POLO box domain (IPR000959)

Short name: POLO_box_dom

Overlapping homologous superfamilies

Domain relationships


A subgroup of serine/threonine protein kinases, Polo or Polo-like kinases play multiple roles during the cell cycle. Polo kinases are required at several key points through mitosis, starting from control of the G2/M transition through phosphorylation of Cdc25C and mitotic cyclins. Polo kinases are characterised by an amino terminal catalytic domain, and a carboxy terminal non-catalytic domain consisting of three blocks of conserved sequences known as polo boxes which form one single functional domain [PMID: 9914175]. The domain is named after its founding member encoded by the polo gene of Drosophila melanogaster [PMID: 1660828]. This domain of around 70 amino acids has been found in species ranging from yeast to mammals. Polo boxes appear to mediate interaction with multiple proteins through protein:protein interactions; some but not all of these proteins are substrates for the kinase domain of the molecule [PMID: 12615979].

The crystal structure of the polo domain of the murine protein, Sak, is dimeric, consisting of two alpha-helices and two six-stranded beta-sheets [PMID: 12352953]. The topology of one polypeptide subunit of the dimer consists of, from its N- to C terminus, an extended strand segment, five beta-strands, one alpha-helix (A) and a C-terminal beta-strand. Beta-strands from one subunit form a contiguous antiparallel beta-sheet with beta-strands from the second subunit. The two beta-sheets pack with a crossing angle of 110 degrees, orienting the hydrophobic surfaces inward and the hydrophilic surfaces outward. Helix A, which is colinear with beta-strand 6 of the same polypeptide, buries a large portion of the non-overlapping hydrophobic beta-sheet surfaces. Interactions involving helices A comprise a majority of the hydrophobic core structure and also the dimer interface.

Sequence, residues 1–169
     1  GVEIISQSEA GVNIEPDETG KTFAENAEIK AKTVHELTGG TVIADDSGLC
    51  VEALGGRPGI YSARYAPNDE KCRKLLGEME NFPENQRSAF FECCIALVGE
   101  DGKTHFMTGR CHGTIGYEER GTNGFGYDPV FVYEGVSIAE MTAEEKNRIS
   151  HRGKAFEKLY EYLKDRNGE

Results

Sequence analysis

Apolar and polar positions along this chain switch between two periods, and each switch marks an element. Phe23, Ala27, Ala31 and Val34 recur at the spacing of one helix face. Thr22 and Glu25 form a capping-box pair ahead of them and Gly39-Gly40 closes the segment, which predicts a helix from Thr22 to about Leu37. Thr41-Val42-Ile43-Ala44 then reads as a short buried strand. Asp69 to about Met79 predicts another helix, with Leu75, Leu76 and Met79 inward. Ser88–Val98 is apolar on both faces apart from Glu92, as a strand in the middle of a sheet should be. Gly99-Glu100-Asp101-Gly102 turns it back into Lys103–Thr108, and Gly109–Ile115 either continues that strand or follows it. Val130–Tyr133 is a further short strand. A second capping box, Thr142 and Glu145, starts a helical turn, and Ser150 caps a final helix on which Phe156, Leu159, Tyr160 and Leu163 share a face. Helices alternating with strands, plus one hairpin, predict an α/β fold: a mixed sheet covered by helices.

Point mutations in the Polo box of the budding yeast Cdc5 protein abolish the ability of overexpressed Cdc5 to interact with the spindle poles and to organise cytokinetic structures [PMID: 10594031].

GO terms

Biological Process

No terms assigned in this category.

Molecular Function

GO:0005515 protein binding

Cellular Component

No terms assigned in this category.

Contributing signatures

Signatures from InterPro member databases are used to construct an entry.
PROSITE profiles